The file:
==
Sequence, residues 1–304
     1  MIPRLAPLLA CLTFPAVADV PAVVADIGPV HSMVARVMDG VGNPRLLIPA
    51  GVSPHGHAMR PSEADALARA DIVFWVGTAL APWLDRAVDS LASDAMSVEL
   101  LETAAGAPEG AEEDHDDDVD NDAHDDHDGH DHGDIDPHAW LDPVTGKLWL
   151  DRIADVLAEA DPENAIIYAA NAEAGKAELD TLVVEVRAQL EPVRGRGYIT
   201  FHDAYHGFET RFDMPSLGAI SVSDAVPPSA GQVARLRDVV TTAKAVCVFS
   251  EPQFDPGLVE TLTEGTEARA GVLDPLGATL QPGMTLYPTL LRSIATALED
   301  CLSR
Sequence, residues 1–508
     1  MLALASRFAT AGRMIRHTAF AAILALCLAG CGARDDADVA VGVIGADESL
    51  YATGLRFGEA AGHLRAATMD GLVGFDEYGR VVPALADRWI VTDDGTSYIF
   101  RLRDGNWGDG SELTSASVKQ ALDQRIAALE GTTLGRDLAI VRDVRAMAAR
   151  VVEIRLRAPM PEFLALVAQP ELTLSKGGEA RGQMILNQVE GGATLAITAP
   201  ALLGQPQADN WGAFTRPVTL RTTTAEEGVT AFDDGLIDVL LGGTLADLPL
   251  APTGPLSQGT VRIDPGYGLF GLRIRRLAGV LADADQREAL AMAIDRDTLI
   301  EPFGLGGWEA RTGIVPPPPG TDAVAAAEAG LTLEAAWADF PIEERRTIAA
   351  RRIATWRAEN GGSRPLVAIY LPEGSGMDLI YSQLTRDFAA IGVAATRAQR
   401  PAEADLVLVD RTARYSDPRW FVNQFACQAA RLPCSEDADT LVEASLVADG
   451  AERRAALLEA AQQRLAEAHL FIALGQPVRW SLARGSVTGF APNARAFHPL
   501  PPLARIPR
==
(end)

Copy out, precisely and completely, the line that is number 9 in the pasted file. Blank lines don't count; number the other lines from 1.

Sequence, residues 1–508